ALL BALL NERVE CENTER — Everything that is old becomes new again. We are always looking to the past for inspiration, and why not? Some of the best ideas are things that were popular once, and then discarded in the name of progress.
Today the Phoenix Suns debuted a new alternate uniform that takes cues from some Suns uniforms from the past. As Suns.com explains…
That iconic western font is emblazoned on the front of the new jersey in black lettering, outlined in the bold orange that has become synonymous with the Suns over the decades. The lettering is nearly identical to that used in one of the first iterations of the team’s jersey from 1973-1992.
One of the players who wore that font across his chest was Suns Head Coach Jeff Hornacek. His current point guard, Eric Bledsoe, is proud to be able to carry on the tradition that started so many years ago.
“It’s throwback,” Bledsoe said with a smile. “Everybody nowadays likes that throwback fashion.”
The font isn’t the only thing helping connects the past and the present. The sunburst on the bottom of the shorts harkens back to the original design worn by the likes of Dick Van Arsdale, Connie Hawkins and Paul Westphal. Don’t worry, though, these shorts are much longer than their predecessors. The entire look is tied together with the modern-day numbers on the chest and back, and the “S” mark that was introduced last season on the sleeves.
The color scheme pays homage to the history behind the name of the city we call home. Like the bird of Greek origin, the city rose from the ruins of a former civilization into a thriving metropolis earning it the name Phoenix.
To see more, check the video above. The Suns will debut these uniforms tomorrow night against the Oklahoma City Thunder on TNT.
In the history of lucky basketball bounces, none can touch Don Nelson‘s late shot in Game 7 of the 1969 Finals, helping the Celtics secure their 11th title. The ball hit back rim, went straight up and then dropped through the basket and into the hearts of the Lakers.
That happened at the Forum, which is now closed. But roughly 25 minutes from that site (or 30, depending on L.A. freeway traffic), Blake Griffin had a similar brush with lucky fate when he put the final touch on a 121-120 overtime Clippers win over the Suns in what could be the No. 1 thriller of the NBA season thus far.
The contest was what you’d expect from a pair of high-scoring teams that love to play freestyle, free-wheeling basketball. The guard-heavy Suns thrive in the open floor and the Clippers, blessed with point guard Chris Paul, favor the fast break as well. The contest was back-and-forth all night, and five extra minutes were tacked on after regulation. As a fan at Staples Center, could you ask for anything more?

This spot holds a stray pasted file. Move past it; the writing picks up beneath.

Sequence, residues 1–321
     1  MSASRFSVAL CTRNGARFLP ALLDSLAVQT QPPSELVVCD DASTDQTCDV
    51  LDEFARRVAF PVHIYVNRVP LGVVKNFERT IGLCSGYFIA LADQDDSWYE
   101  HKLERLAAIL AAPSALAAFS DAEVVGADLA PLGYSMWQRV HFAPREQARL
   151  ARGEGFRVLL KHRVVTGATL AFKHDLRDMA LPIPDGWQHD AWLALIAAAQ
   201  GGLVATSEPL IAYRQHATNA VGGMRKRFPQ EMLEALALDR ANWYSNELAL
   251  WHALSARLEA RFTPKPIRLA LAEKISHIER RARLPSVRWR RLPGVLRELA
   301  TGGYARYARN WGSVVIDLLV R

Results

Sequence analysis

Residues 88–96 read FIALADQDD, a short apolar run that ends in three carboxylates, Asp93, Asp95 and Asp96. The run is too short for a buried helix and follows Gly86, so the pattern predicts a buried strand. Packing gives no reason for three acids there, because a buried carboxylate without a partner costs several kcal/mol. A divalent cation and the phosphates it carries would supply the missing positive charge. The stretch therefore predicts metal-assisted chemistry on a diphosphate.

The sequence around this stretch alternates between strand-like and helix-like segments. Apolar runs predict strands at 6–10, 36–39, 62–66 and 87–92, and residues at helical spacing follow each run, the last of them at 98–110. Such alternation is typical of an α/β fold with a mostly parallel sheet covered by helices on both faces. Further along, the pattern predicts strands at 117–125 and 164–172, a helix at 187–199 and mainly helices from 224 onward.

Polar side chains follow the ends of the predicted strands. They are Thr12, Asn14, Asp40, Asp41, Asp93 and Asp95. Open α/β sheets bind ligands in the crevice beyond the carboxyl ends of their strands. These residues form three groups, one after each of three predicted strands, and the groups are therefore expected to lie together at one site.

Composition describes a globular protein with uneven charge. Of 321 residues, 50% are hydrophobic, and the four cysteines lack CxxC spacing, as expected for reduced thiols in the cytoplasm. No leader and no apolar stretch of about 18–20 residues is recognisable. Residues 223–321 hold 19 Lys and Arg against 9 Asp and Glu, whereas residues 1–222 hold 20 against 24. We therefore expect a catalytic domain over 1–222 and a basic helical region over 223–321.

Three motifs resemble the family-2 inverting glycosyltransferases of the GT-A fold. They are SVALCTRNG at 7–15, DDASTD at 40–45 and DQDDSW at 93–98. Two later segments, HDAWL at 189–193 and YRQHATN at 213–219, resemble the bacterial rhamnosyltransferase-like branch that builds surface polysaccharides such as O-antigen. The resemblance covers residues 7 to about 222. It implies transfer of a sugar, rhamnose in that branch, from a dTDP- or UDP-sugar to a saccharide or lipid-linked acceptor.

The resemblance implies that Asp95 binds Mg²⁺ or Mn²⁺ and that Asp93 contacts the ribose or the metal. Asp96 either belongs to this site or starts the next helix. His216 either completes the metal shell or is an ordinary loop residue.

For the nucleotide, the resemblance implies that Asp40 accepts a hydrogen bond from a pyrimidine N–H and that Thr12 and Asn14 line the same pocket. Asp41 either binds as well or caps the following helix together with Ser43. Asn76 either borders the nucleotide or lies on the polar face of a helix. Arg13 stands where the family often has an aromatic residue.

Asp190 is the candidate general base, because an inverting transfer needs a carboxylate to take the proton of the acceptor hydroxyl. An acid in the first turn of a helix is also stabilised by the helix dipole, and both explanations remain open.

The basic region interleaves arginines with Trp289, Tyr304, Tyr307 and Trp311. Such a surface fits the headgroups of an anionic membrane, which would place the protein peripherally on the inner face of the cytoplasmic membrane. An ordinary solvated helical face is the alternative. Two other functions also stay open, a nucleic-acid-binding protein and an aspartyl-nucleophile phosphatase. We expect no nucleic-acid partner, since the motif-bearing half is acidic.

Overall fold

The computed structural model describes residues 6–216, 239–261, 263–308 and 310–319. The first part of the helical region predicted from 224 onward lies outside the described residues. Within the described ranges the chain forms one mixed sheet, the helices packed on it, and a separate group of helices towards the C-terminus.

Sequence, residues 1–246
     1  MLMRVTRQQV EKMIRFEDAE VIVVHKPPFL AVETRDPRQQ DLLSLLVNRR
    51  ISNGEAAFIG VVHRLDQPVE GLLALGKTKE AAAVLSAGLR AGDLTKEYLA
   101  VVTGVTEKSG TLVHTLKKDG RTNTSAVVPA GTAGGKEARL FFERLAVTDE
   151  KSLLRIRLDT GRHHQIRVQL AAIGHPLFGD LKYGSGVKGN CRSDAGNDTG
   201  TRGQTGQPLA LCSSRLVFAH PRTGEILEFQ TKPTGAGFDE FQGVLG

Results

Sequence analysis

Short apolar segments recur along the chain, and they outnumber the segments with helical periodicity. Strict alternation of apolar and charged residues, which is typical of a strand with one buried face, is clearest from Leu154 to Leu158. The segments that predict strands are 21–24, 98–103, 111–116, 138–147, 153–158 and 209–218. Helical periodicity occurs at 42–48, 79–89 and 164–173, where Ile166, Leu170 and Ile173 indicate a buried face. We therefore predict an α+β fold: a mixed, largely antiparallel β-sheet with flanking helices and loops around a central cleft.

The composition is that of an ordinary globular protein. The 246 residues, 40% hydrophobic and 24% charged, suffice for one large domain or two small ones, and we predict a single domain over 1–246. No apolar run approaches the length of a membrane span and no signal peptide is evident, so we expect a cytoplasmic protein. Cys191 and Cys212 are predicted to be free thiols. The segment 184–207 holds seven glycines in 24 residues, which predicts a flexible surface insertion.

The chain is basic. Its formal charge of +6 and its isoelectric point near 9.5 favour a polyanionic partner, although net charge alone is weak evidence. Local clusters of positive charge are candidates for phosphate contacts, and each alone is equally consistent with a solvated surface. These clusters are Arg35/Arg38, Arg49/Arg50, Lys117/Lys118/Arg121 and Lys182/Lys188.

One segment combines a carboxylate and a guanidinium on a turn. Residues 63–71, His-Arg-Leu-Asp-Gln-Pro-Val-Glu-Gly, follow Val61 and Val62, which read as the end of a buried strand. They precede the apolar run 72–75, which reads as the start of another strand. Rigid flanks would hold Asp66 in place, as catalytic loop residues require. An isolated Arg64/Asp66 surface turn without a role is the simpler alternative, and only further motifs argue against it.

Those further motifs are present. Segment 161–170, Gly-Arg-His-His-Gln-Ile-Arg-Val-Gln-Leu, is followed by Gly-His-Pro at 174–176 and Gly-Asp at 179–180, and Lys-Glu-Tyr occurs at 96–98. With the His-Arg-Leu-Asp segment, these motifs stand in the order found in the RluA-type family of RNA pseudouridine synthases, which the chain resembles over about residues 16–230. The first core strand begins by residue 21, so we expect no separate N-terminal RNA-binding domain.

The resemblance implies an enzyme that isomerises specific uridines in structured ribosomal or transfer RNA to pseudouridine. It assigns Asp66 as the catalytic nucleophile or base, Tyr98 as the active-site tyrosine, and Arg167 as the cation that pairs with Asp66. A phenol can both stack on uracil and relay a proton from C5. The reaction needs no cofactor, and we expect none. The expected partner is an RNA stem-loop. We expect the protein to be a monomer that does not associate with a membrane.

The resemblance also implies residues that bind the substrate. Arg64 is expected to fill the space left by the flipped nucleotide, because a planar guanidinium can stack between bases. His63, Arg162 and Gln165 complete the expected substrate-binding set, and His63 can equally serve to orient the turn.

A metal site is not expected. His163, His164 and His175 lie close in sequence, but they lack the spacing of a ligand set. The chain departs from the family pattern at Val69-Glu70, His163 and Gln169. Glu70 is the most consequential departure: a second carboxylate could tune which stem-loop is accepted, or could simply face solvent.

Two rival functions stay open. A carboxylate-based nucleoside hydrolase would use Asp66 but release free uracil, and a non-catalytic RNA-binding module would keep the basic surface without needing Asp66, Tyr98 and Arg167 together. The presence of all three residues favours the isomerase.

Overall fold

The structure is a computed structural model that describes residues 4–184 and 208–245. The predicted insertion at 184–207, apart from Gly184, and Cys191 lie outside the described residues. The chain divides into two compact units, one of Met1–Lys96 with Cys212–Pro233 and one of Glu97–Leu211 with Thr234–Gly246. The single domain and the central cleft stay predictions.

Well, yes. A Clippers victory. Which was in doubt until Griffin took an inbounds pass from Paul with the Clippers down a pair and the clock ticking.
But we’ll get to the winning sequence in a minute. First, about Griffin. He had a monster night with 45 points, two shy of his career high. If these teams meet in the playoffs, the Suns might want to watch video of this game (minus the last few seconds) and figure how to keep Griffin from getting to the line (he made 15 of 17 free throws) and how to keep a body on him.
OK, on to the details.
After taking the inbounds pass from Paul, Griffin faked a pass back to Paul, then faced the basket, took a step-back and let it fly from the right elbow beyond the arc. The ball bounced off the rim, then the top of the glass, then fell in. He had to do all of that in 2.6 seconds, which he managed to pull off without a hitch. But not without a few bounces. Hey, sometimes it’s better to be lucky than good.
Blake was only in position to take that shot partly because Jamal Crawford was ejected for the first time in his career in the fourth quarter after arguing a foul call. Normally, Griffin would not get the ball to launch a 3-pointer; he’d attempted only nine all season prior to the shot. Also, the game went into overtime because Paul had his game-winning attempt blocked by Eric Bledsoe (27 points, 16 assists, 11 rebounds) at the fourth-quarter buzzer. Also, the Clippers had the ball because the Suns committed a shot-clock violation. Finally, with a foul to give, the Suns grabbed Griffin just before his game-winner. But instead of shooting while getting fouled, Griffin passed off. He could’ve put himself at the free-throw line with a chance to tie instead of the Clippers being forced to inbound the ball. But it turned out okay for him.
The Clippers stumbled out of the gate to start the season, drawing the ire of coach Doc Rivers and perhaps having owner Steve Ballmer wonder what in the heck he was getting for his $2 billion. But all is well now. The Clippers have won eight straight and are clearly on the rise. Teams in the West have no choice but to see the vortex from L.A. heading their way (hint: It’s not the Lakers). It was the second straight loss for the Suns, whose only real issue is they don’t play in the East.
After the swish, er bounce, Griffin took off sprinting down the floor, followed quickly by Paul. As you might also might have expected, Staples was in bedlam. Speaking of Staples, Rivers said he wants the building to be a home-court advantage like it has been (or rather, was) for the Lakers. If the Clippers intend on playing like this, Rivers won’t have any reason to worry about the crowd or the noise level.